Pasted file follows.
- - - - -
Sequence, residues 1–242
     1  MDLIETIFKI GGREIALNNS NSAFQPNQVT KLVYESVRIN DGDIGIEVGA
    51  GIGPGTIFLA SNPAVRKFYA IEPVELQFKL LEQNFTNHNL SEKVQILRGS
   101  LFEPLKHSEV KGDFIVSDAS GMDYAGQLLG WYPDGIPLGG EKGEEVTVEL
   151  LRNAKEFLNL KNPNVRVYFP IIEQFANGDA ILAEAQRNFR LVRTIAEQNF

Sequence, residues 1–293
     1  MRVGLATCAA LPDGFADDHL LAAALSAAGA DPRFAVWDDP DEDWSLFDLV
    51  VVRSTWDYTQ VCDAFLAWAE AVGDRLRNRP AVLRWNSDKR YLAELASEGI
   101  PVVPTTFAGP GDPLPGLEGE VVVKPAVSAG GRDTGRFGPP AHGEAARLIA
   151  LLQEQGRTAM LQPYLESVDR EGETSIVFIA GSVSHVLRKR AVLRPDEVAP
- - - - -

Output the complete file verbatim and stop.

Sequence, residues 1–242
     1  MDLIETIFKI GGREIALNNS NSAFQPNQVT KLVYESVRIN DGDIGIEVGA
    51  GIGPGTIFLA SNPAVRKFYA IEPVELQFKL LEQNFTNHNL SEKVQILRGS
   101  LFEPLKHSEV KGDFIVSDAS GMDYAGQLLG WYPDGIPLGG EKGEEVTVEL
   151  LRNAKEFLNL KNPNVRVYFP IIEQFANGDA ILAEAQRNFR LVRTIAEQNF

Sequence, residues 1–293
     1  MRVGLATCAA LPDGFADDHL LAAALSAAGA DPRFAVWDDP DEDWSLFDLV
    51  VVRSTWDYTQ VCDAFLAWAE AVGDRLRNRP AVLRWNSDKR YLAELASEGI
   101  PVVPTTFAGP GDPLPGLEGE VVVKPAVSAG GRDTGRFGPP AHGEAARLIA
   151  LLQEQGRTAM LQPYLESVDR EGETSIVFIA GSVSHVLRKR AVLRPDEVAP